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Title: The Canadian Horticulturist Volume 04, No. 06

Date of first publication: 1881

Author: D. W. Beadle

Date first posted: Apr. 4, 2015

Date last updated: Apr. 4, 2015

Faded Page eBook #20150407

This ebook was produced by: Marcia Brooks, David Edwards, Paulina Chin & the online Distributed Proofreaders Canada team at http://www.pgdpcanada.net

The Canadian Horticulturist.



THE CODLIN MOTH. (Carpocapsa pomonella.)












VOL. IV.] JUNE, 1881. [NO. 6.


The following remarks are copied from the Report of the Fruit Growers’ Association of Abbottsford, Province of Quebec, and shows in what esteem the Champion grape is held amongst them. It also proves beyond question that the Champion and Beaconsfield are one and the same grape.

Champion.—This variety was also upon the tables at Abbottsford, and on account of its special earliness attracted special attention. It was also exhibited in 1877 by L. W. Decker, of Montreal, who had bought it in 1871 from Messrs. Shanley & Gallagher. Since then it has been largely imported by them, and by Messrs. Menzies & Gallagher, as the Champion, and sold as such; and more recently imported as the Champion and sold as the Beaconsfield. It combines the main characteristics of a market fruit. It is essentially a pioneer grape. It was in flavor the poorest, with one exception, of the thirty-three varieties exhibited. It is, however, quite good enough to sell. The market does not demand quality in a grape any more than it does in a pear or in an apple. The Champion has the earliness, size and color necessary for a commercial grape, and as such, and a forerunner of finer fruits, it must prove of great service to our northern country. As a commercial grape, however, it has a weak point in its shortness of season. The Champion drops from the bunch somewhat—less so we think than the Hartford; but our knowledge on this point is limited. It is short in its season, though nothing like as short as a Peach apple; but in a general way it is like the Peach and Astrachan apples, early and perishable, yet profitable. The money aspect of this Champion grape, the proprietors of the vineyard at Beaconsfield must surely have carefully weighed, and their firm belief in it they have proved by the fact that they have planted out seventeen acres, or 12,100 vines.”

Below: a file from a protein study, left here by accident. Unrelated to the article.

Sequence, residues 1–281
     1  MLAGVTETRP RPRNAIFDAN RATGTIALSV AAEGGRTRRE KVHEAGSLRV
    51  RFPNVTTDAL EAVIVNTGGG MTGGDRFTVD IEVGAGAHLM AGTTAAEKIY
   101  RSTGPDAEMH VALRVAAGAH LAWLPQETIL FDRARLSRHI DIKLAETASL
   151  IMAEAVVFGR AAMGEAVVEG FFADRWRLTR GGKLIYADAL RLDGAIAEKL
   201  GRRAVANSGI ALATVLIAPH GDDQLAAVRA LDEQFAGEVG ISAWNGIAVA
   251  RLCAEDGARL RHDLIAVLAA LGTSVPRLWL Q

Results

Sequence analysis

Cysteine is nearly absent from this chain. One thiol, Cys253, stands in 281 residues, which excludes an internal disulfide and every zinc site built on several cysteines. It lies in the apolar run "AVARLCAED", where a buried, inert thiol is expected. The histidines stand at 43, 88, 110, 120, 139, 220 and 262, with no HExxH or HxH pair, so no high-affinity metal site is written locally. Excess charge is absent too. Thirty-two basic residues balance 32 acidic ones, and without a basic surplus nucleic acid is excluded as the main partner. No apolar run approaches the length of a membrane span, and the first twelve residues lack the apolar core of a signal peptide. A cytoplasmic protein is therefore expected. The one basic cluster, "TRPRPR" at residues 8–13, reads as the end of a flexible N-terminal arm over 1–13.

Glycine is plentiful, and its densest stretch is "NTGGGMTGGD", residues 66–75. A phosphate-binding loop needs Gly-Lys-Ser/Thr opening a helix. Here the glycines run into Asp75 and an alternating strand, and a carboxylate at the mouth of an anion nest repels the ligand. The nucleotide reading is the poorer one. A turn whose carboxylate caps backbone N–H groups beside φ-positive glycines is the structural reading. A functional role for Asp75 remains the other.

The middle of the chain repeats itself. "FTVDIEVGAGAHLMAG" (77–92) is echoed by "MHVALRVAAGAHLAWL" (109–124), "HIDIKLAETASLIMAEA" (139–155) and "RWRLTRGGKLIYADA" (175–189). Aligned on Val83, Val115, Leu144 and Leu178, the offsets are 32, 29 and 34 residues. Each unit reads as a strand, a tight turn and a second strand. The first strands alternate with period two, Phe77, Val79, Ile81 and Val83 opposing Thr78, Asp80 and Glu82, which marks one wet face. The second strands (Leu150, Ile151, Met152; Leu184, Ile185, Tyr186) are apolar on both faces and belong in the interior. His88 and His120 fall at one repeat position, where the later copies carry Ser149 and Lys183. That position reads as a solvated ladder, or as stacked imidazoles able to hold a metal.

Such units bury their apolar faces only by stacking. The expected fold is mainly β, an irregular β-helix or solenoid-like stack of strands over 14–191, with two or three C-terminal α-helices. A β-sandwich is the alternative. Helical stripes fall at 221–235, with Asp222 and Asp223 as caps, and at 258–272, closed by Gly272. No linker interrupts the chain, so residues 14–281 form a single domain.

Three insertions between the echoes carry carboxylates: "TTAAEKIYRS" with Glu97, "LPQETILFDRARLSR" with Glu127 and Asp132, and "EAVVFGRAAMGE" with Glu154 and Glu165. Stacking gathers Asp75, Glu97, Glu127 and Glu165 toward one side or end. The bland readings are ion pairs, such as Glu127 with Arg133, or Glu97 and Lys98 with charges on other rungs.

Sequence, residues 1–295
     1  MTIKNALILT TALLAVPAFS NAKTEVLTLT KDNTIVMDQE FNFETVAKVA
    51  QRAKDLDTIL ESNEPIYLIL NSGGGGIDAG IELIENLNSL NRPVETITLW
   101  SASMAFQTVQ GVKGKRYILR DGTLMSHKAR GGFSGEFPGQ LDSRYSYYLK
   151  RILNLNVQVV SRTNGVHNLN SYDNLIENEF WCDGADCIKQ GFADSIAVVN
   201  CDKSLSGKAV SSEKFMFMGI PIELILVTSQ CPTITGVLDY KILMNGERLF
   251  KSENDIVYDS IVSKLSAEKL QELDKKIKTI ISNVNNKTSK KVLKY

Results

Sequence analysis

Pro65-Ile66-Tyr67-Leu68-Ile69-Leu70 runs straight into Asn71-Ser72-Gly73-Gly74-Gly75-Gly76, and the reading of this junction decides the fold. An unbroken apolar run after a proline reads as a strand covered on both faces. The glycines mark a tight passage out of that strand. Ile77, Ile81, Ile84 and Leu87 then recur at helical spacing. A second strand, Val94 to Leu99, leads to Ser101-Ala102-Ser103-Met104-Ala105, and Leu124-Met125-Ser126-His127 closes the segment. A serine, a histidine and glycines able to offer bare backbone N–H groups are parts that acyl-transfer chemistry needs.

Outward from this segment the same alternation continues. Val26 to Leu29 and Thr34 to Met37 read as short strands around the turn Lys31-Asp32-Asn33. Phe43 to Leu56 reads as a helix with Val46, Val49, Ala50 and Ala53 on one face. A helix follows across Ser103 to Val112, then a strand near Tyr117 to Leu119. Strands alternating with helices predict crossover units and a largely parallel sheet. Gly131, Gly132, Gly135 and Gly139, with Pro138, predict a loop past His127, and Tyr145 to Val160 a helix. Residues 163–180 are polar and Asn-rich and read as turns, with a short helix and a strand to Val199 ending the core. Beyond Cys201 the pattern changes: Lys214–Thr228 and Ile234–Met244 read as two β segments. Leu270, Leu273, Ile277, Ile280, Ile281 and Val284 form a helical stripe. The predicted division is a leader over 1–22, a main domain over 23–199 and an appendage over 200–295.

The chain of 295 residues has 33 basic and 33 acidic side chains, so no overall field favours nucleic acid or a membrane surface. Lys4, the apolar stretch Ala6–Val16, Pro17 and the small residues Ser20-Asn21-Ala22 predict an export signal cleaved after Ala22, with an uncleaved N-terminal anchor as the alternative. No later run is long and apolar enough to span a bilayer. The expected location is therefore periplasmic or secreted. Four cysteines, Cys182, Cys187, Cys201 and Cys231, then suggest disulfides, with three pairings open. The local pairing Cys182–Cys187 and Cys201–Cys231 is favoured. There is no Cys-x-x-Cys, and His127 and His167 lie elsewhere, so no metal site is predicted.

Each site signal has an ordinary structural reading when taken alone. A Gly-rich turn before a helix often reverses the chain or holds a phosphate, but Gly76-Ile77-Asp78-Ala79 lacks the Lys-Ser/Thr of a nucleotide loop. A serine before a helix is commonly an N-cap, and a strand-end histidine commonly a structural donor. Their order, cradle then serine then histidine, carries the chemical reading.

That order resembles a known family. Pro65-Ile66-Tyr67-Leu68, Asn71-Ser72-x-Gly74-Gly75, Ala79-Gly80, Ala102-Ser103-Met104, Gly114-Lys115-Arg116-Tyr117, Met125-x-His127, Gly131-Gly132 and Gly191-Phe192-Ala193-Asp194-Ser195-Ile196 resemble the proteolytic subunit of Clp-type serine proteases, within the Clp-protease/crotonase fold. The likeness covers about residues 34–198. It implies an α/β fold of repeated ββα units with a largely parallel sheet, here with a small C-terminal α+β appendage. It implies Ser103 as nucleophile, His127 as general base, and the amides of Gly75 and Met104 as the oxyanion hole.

THE CODLIN MOTH. (Carpocapsa pomonella.)


The Editor has kindly sent me some correspondence lately received containing enquiries relating to this insect, from which it appears that erroneous ideas have been circulated of late by the press in reference to the habits of the codlin moth. The statements made, although somewhat contradictory, are all claimed to come from reliable men, who do not however attach their names to the communications. It is asserted, in the first place, that the female codlin moth has no wings, but crawls up the apple trees to deposit its eggs on the fruit. Second, that it has wings, and is attracted by sweets, and that hundreds of them may be readily caught by hanging jars of sweetened water at night among the branches of the apple trees. A third statement is that the larvæ, when full grown, descend to the ground and enter the earth to change to chrysalids.

It is evident that the first conclusion as to the wingless character of the females has been arrived at by the writer confounding the canker worm moth or the tussock moth with the codlin moth. In both the former species the females are wingless, but the female codlin moth is furnished with ample wings, with which she flies as actively as her male companion.

With regard to the trapping of codlin moths by means of sweet liquids, I may say that it is contrary to the experience of all entomologists. Many years ago this remedy was recommended, and I then gave it what I considered a fair test. At the time when the codlin moths were plentiful and on the wing, I hung bottles of sugar and water, others with the same sweet liquid mixed with a little Jamaica rum, and another series mixed with other flavoring materials which were supposed to be particularly attractive to insects. Hundreds of moths were captured, but the most careful examination failed to reveal the presence of a single codlin moth among them. Other entomologists have tried this remedy with similar results.